Saint Morg, Mollen and the Informant, Part III
March 16, 2009
Barry Brown, the police officer who helped expose the 30th precinct corruption scandal, says he was “caught in the middle” of a feud between Judge Milton Mollen and Manhattan District Attorney Robert Morgenthau.
“I feel I should have been praised for what I did,” said Brown, whose work as an Internal Affairs undercover “field associate” 14 years ago led to the convictions of 33 cops on drug-related charges in what became known as the “Dirty Thirty” scandal.
Instead, a classic law enforcement confrontation between two powerful figures forced Brown’s resignation from the police department.
Said Brown: “What happened in my situation sets a bad example for any officer who is thinking about coming forward to report police corruption.”
Brown called in after reading two recent columns about Morgenthau’s retirement and his payback towards rival agencies that he felt had encroached on his turf.
Despite helping to make cases against the Dirty Thirty cops, Brown’s days in the NYPD were numbered when he was accused of perjury. George Nova, one of the Dirty Thirty and Brown’s former partner — fingered Brown for allegedly lying about obtaining search warrants during drug raids.
That led Morgenthau to begin investigating Brown. [This column mistakenly reported in two previous articles that Morgenthau had indicted Brown. He did not. We apologize for our brain lock and believe we’ve finally gotten it straight.]
In exchange for Morgenthau dropping his investigation, Brown resigned from the police department.
In the past, Morgenthau has denied a feud existed between him and Mollen. Last week, he said he didn’t “have a clue” that Brown — who testified before the Mollen Commission in 1993 with a hood over his head under the fake name “Officer Otto” —was working for the Mollen Commission when he, Morgenthau, began to investigate him.
Ironically, the feud that Morgenthau denies began with Nova’s arrest. While working with Morgenthau’s office, Mollen investigators took another angle and brought the case to the United States Attorney for the Southern District, which indicted Nova before Morgenthau could.
In 1994, at a news conference announcing the first of the 30th precinct arrests, Mollen and Morgenthau engaged in a shoving match. U.S. Attorney Mary Jo White, barely five feet tall, stood between them as peacemaker.
Speaking from South Jersey where he has worked at a billion-dollar retail company since leaving the department 14 years ago, Brown acknowledged that Nova’s perjury rap against him was valid. He maintained he had lied to protect his undercover position.
“I was a 20-year-old kid when I went into the police academy, and went into the field associate program,” he said. “I was never given any real training on how to handle those situations.
“My handler, an Internal Affairs lieutenant, was aware of my testimony. It was all done to protect my identity. There were a lot of leaks in Internal Affairs and, to protect me, he was twisting the information I was giving him in minor ways for my own protection.”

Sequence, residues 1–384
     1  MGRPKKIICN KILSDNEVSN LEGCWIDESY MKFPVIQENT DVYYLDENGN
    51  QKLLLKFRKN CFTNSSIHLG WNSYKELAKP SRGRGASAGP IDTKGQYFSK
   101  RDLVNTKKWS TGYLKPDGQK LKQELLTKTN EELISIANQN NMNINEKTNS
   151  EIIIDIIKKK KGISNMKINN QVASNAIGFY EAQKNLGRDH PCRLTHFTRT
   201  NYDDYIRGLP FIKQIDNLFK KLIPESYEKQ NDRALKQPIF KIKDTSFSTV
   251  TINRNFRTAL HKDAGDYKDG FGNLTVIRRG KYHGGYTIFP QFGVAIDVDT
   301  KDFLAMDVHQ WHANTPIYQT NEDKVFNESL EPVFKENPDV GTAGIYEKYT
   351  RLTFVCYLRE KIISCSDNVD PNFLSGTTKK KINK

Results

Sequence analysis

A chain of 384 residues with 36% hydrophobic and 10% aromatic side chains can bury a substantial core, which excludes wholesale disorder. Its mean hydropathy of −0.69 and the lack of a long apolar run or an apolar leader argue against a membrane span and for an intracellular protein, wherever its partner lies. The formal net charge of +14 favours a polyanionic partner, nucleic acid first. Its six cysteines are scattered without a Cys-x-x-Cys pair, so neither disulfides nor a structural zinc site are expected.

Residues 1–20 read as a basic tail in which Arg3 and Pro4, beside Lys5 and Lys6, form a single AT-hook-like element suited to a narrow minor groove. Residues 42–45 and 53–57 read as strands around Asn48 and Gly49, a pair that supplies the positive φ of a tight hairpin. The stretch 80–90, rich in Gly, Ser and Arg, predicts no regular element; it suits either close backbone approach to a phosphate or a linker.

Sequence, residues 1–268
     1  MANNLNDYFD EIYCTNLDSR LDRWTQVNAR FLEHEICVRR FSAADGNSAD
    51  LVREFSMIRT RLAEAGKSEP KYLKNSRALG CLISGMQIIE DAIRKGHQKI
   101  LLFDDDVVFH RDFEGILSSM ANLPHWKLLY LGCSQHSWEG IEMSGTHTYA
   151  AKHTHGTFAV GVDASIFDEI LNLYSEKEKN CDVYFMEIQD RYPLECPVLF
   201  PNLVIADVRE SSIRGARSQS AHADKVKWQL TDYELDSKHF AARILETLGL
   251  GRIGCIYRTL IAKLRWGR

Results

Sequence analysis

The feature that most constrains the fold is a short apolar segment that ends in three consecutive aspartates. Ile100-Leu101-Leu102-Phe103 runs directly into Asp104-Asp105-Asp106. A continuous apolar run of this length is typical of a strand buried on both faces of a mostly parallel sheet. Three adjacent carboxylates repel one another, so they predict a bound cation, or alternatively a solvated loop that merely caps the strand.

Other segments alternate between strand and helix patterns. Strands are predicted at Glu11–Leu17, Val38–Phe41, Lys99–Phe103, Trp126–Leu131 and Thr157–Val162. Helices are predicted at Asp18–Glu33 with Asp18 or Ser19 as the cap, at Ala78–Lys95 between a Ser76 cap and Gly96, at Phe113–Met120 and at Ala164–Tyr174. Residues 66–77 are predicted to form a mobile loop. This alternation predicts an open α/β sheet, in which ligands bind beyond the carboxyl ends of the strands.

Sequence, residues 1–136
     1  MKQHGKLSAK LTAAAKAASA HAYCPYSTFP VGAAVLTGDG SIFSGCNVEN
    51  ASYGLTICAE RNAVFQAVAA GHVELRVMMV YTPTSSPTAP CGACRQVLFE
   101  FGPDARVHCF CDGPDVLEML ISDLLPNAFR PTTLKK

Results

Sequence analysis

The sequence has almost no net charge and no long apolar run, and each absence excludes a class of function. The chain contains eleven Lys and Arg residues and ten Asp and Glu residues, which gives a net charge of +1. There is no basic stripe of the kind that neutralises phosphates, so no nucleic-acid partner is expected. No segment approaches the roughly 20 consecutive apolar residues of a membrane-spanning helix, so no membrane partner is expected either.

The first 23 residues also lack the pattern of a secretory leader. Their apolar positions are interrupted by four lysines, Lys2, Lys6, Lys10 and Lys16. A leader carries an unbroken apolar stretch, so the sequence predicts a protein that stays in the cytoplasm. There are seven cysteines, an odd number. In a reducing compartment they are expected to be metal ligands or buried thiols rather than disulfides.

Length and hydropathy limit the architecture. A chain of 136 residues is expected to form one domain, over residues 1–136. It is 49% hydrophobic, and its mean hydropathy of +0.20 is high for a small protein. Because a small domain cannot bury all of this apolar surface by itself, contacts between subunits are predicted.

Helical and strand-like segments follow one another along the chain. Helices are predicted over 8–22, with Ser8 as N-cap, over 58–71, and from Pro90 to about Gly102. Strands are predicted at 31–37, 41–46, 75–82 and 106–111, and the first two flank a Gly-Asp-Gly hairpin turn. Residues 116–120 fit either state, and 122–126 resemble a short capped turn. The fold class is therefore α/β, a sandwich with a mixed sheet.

Asked whether he felt Morgenthau had gone after him because of his feud with Mollen, Brown said, “Absolutely. After I testified before the Mollen Commission, they were going to leave no stone unturned until they found out who this officer was and if they could find anything in any way to discredit him.
“After my identity was revealed in January 1995, the Manhattan District Attorney’s office put me in a situation where I had to leave the department. I was left out there for ten months, not knowing what they were going to do. I had already received death threats. I was afraid for my life. I was afraid I would be the next Serpico and get shot by another officer. I had pushed this investigation for more than seven years. But they made me out to be a corrupt cop.”
Remember back in 2003 when Kelly cancelled his appearance at the Finest Foundation’s annual dinner at the St. Regis because, he said, its $50,000 “Commissioner’s Table” implied that access to him could be bought?
Well, that doesn’t bother him now.
Police Foundation chairwoman Valerie Salembier introduced both Kelly and Bloomberg, giving each a lengthy star-struck-sounding speech that went on twice as long as the honorees’.
Next week Kelly is a featured speaker at Salembier’s high-end counterfeiting summit. In the past the Police Foundation has provided “buy money” for such NYPD counterfeiting operations, which include such luxury items as Gucci and Prada handbags. Those products happen to grace the pages of Harper’s Bazaar magazine, of which Salembier is publisher.
What was that about buying access?
So what? says Chief Queens Assistant D.A. Jack Ryan, who hired Pete shortly before he received his tax-free, line-of-duty disability pension from the NYPD. “You drive down a city street, pull two-thirds of the way into a spot. A person knocks on your window, says you can’t park there. Does Pete argue? A little. Does he get out of the car, no? He drives off. Pete did exactly what I would have wanted him to do. Better than I would have. And the city car is approved by the corporation counsel. He is allowed to drive it. Just because he retires on a disability doesn’t mean he can’t drive the car. But because he’s Pete Martin he is wrong?
“I got a guy working for me who works for nothing and they are hammering him. If 100 more people want to work for nothing, send them to see me.”
With a boss as forgiving as Ryan, Pete would seem to have nothing to fear. Expect further incidents — and further Daily News stories.
Memo to Judge Brown: Sometimes what you get for free ain’t worth the price.